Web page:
TAMPA - When a system is referred to as the Torpedo, it conjures up images of an attack.
However, that title sure makes the 1-3-1 ‘forechecking’ gameplan often used by the Tampa Bay Lightning a misnomer.
The Calgary Flames will get their chance Thursday to face the host Lightning and their system (5:30 p.m., Sportsnet Flames), which received all kinds of attention a few weeks ago when the Philadelphia Flyers responded by not moving the puck out of their defensive zone to the point play was called because absolutely nothing was happening.
“We played them last year when they did it, and to be honest, I didn’t think it as anything revolutionary,” said Flames centre Brendan Morrison, recalling the 4-2 win by the veteran forward and the host club at the Saddledome. “It works for them — they’ve been successful — but it’s not a situation where you step back and scratch your head saying, ‘Oh my God, how do we break this down?’
“We actually fared pretty well against it last year. The key is you’ve got to keep moving.”
The Lightning aren’t the only NHL club to incorporate the 1-3-1 gameplan — which is designed to clog the neutral zone when the other team has possession of the puck — but somehow Tampa Bay’s squad has become synonymous with it.
It’s much like how the New Jersey Devils and the Minnesota Wild were universally panned in years past for utilizing the left-wing lock.
The Flames are going into their clash with the belief they don’t want to spend too much time worrying about what the Lightning plan to do, preferring to concentrate on what they must do to be most effective.
“We’re going to make a few adjustments for their system, as we do on a daily basis preparing for another team, but it’s going to come down to what we do on the ice and how we execute,” said Flames left winger Alex Tanguay. “We’re capable of playing good games, and they’ve been struggling a little bit lately, so for us, we have to make sure we go out there and get some points.”
To say the Lightning are struggling lately is an understatement.
Heading into the latest rematch of the 2004 Stanley Cup final, the Lightning have just one win in eight games, and that was a come-from-behind shootout victory over the New York Rangers in a tilt which became known more the shotgun celebration by Rangers forward Artem Anisimov after a goal.
The Lightning have been outscored 31-16 in their swoon, and — if matters weren’t bad enough — they are currently without star player Martin St. Louis due to injury.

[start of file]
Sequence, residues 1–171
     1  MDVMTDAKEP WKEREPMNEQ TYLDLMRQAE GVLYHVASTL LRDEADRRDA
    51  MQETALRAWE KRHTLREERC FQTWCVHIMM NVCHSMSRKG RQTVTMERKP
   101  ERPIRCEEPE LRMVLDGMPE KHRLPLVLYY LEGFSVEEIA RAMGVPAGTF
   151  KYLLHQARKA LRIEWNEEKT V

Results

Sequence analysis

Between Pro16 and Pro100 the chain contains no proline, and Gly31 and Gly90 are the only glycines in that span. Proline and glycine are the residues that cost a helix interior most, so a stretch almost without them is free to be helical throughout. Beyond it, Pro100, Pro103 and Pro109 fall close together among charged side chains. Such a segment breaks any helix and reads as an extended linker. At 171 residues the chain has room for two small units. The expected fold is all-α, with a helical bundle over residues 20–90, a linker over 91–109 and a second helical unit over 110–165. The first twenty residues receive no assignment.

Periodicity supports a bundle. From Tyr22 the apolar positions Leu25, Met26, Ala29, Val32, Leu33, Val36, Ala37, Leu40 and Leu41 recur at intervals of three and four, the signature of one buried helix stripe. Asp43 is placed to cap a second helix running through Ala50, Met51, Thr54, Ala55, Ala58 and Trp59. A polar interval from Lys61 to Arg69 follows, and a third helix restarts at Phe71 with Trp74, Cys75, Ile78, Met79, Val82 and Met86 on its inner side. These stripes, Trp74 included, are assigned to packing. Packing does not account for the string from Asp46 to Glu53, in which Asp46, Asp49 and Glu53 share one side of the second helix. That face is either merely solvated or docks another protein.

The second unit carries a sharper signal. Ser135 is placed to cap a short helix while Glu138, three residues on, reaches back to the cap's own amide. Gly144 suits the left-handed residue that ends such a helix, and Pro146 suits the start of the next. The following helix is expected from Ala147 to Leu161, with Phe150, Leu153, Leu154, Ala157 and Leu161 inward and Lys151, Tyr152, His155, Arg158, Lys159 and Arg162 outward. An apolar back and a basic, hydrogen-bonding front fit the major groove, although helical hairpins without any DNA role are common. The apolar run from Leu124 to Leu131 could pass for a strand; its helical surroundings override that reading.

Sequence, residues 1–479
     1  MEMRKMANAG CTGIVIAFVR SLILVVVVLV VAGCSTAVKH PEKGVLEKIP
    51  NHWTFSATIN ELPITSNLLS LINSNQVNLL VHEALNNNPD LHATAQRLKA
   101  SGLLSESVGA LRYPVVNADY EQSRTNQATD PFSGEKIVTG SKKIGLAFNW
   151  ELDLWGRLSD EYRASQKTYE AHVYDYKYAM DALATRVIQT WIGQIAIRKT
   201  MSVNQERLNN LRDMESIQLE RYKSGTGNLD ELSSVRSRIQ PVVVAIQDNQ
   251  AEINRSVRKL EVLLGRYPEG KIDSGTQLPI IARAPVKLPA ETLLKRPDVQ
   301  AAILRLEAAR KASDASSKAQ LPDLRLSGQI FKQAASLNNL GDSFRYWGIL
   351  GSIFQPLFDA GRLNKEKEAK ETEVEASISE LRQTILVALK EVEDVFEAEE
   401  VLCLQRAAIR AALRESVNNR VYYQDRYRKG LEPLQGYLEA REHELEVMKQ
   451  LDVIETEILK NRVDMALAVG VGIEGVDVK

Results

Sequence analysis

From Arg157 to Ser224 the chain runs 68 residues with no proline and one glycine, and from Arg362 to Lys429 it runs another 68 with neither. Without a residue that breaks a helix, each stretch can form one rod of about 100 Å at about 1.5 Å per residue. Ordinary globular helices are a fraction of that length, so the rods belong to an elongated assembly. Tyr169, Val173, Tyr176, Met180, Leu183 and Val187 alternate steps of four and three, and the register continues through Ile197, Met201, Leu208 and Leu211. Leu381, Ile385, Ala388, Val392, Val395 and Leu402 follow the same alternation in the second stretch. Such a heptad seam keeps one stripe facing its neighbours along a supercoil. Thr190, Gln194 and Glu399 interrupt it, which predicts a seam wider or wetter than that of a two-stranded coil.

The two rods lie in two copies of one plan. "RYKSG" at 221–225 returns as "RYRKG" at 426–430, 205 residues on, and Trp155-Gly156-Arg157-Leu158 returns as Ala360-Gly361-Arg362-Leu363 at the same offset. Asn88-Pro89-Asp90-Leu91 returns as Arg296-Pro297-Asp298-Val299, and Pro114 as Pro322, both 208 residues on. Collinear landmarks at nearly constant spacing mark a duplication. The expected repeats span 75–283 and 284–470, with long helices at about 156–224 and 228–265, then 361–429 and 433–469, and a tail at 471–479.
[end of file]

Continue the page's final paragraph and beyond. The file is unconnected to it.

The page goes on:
Still, the Lightning boast enough talent with the likes of fellow forward talents Steven Stamkos and Vincent Lecavalier to cobble together wins.
“I know there’s been a lot of talk about (the 1-3-1), but you can’t get caught up in it. You’ve got to play your game. You’ve got to play like you can play,” said Flames head coach Brent Sutter. “There’s been teams that had success against it, too. You’ve seen it enough and know how to adjust and adapt to it. We’ll make those adjustments, making sure we’re doing what we need to against it.”
Sutter and the rest of his coaching staff tuned into the Bolts’ last game — a 5-4 Monday loss to the New Jersey Devils — in which the Devils controlled more than the final score indicated.
“They got pucks in transition quickly and didn’t allow (the Lightning) to get in that (Torpedo) situation. There’s way to defend against it and ways to beat it,” Sutter said.
Coming off a disappointing 2-1 loss Tuesday night to the Nashville Predators, the Flames should have reason to instil their gameplan on the hosts.
Plus they know they blew a chance to pull a little bit closer to being in the Western Conference’s top eight with that loss in Music City, USA.
“We know where we stand. We’ve been battling extremely hard to get back in the thick of things, and here we are,” Tanguay said. “Let’s go out and try to play a solid game in Tampa and (Friday night) in Florida.
“If we go four of out six (of the remaining points available on this road trip), we’ll be close to a playoff spot.”
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